SCA events and activities seek to recreate many aspects of medieval life and culture. This can include the excitement and camaraderie of tournaments, spectacular feasts, learning crafts, dancing, playing tavern games, the pomp and drama of royal courts and much, much more.

Although some events are held in venues (such as castles) where the public might see what we’re up to, most of our activities are intended to be joined in by everyone present, rather than being a performance to watch. We also don’t recreate a specific date or geographic area, so you can become a Viking or a 14th century Italian or whatever interests you most. Some people create a detailed “persona” – with a name and life story to match meticulously researched clothing, but you needn’t do so in order to join in.

The basic dress code for events is “a reasonable attempt at pre-1600 clothing”. Some people will be wearing multiple layers of splendid handmade wool or linen clothing with a high level of authenticity from headdress to underwear, but this isn’t expected of anyone. Wearing modern glasses or hearing aids and using modern mobility equipment are all completely acceptable at SCA events – it is far more important to us that everyone can take part than to create a “movie perfect” medieval scene.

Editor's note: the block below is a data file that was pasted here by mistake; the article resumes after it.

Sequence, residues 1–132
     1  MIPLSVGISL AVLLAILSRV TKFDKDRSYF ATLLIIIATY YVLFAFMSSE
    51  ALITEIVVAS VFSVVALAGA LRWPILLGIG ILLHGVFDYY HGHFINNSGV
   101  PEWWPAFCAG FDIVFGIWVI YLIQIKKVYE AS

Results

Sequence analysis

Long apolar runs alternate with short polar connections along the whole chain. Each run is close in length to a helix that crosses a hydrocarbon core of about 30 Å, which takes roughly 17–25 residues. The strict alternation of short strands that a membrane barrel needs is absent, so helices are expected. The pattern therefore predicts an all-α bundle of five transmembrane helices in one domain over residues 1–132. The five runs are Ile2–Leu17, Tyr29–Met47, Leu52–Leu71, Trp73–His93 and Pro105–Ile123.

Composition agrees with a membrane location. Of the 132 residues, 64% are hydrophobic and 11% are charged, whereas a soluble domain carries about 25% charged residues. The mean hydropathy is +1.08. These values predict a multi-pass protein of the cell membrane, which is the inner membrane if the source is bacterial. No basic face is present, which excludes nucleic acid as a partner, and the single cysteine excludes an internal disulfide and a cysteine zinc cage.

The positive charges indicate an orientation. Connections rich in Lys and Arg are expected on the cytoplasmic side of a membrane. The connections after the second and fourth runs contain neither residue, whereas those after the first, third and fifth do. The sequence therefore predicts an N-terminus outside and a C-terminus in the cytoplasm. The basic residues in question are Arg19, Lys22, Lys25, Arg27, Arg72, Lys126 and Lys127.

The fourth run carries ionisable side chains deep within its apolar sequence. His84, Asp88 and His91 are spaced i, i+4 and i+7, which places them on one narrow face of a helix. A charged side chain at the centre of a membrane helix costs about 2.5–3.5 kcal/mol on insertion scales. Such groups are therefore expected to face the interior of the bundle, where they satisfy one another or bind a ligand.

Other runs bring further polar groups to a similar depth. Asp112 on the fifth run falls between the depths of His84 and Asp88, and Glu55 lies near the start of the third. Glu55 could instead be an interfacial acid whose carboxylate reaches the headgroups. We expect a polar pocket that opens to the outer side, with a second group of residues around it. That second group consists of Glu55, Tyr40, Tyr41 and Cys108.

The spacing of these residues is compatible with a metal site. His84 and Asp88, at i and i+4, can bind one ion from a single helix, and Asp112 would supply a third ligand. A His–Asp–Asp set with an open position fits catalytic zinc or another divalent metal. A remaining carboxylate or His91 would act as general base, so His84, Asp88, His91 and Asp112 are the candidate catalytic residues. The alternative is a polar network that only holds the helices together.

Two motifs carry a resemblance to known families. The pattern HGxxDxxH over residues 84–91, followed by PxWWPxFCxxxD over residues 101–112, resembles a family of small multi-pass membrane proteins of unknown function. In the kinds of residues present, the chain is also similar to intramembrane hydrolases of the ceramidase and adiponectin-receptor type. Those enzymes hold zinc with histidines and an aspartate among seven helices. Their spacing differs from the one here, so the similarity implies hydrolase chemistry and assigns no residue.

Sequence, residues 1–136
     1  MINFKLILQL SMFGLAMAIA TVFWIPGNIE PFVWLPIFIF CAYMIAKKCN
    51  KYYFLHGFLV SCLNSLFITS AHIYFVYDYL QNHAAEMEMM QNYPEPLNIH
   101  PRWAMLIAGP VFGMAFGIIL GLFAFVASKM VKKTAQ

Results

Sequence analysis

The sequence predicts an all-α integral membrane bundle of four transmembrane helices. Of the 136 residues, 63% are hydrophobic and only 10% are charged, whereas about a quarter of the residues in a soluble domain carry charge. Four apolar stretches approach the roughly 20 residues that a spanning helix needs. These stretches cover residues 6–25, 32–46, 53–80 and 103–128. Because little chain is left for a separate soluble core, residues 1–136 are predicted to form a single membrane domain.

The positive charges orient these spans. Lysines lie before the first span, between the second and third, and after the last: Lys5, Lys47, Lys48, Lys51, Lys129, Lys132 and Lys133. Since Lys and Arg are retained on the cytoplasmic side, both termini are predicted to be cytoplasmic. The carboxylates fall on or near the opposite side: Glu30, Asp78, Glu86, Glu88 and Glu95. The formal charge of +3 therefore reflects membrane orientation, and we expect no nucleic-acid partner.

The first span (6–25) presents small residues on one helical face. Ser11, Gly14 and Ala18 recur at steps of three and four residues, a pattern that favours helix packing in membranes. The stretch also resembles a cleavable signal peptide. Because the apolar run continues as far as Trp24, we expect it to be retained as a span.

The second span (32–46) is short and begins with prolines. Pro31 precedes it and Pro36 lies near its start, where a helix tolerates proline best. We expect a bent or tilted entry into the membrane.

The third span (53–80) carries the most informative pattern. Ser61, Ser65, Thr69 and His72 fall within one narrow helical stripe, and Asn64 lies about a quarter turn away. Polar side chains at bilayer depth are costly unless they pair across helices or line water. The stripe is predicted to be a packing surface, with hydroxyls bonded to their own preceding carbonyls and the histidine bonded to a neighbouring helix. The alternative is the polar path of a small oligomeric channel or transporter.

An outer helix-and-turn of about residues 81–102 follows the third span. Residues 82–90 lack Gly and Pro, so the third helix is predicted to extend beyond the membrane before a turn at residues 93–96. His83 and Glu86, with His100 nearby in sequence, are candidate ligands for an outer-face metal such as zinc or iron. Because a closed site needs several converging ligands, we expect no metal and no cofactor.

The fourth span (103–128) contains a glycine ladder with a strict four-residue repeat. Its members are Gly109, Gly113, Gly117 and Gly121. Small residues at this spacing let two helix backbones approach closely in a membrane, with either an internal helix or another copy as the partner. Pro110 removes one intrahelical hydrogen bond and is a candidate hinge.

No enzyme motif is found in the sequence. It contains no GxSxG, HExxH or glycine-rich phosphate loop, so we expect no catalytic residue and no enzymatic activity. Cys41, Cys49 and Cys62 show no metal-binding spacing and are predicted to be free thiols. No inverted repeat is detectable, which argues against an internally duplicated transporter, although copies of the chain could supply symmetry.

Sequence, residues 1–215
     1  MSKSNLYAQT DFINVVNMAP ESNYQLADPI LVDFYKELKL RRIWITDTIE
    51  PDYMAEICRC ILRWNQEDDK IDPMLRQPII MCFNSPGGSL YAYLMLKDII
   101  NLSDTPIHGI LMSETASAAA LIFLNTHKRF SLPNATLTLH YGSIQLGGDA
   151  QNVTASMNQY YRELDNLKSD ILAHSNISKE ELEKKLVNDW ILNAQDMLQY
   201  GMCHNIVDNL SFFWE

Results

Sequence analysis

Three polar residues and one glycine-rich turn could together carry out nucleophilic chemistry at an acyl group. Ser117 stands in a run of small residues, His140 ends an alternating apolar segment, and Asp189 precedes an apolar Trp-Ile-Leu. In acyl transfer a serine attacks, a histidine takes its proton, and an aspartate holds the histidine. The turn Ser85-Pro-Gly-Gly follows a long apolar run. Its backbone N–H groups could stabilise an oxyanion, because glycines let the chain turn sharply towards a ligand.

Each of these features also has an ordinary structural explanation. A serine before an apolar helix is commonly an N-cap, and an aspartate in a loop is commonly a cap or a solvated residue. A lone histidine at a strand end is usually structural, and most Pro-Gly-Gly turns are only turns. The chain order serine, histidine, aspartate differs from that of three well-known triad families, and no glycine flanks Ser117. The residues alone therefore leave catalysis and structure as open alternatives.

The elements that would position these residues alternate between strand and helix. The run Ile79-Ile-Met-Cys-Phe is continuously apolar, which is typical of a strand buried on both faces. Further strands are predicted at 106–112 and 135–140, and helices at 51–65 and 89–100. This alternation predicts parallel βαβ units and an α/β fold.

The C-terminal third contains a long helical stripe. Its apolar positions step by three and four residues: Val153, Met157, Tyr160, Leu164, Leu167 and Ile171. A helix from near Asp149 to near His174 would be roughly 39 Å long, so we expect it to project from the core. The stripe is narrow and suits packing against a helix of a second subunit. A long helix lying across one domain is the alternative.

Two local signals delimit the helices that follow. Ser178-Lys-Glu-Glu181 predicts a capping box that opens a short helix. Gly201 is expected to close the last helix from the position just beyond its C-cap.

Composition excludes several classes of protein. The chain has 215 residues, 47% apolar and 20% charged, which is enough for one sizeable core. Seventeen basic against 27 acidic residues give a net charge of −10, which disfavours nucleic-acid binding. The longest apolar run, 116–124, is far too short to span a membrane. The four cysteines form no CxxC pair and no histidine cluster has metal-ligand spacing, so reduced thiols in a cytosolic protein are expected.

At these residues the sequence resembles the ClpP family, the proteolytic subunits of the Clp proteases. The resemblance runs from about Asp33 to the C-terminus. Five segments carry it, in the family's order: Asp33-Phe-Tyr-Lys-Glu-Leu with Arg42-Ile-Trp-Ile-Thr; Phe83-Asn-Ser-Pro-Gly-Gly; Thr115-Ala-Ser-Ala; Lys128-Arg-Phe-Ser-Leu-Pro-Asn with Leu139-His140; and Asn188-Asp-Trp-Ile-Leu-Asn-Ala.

All events are run by the participants. That means everyone involved – the cooks, the safety marshals, the heralds, the washers-up, the organisers – is a volunteer and it is expected that people will help out where they can. Hanging banners in a hall, peeling vegetables in the kitchens or keeping water jugs full on the tournament field is also a good way to get to know people.

In between grander events, many local groups organise get-togethers, maybe for a day of activities, to hold a pot-luck feast or to practice for upcoming tournaments. There are also active social media channels, where people chat about their medieval interests and help each other out with projects.

Three activities that are very popular in the SCA are armoured combat, archery and rapier fencing. There is more information about these on their individual pages.

A huge range of pursuits based around medieval skills and knowledge are grouped together under the umbrella term “Arts & Sciences”. There is more information about how these are enjoyed in the SCA on the Arts & Sciences page.

And if you’d like to hear the words of our members themselves, we collect many of their blog posts at This is Drachenwald.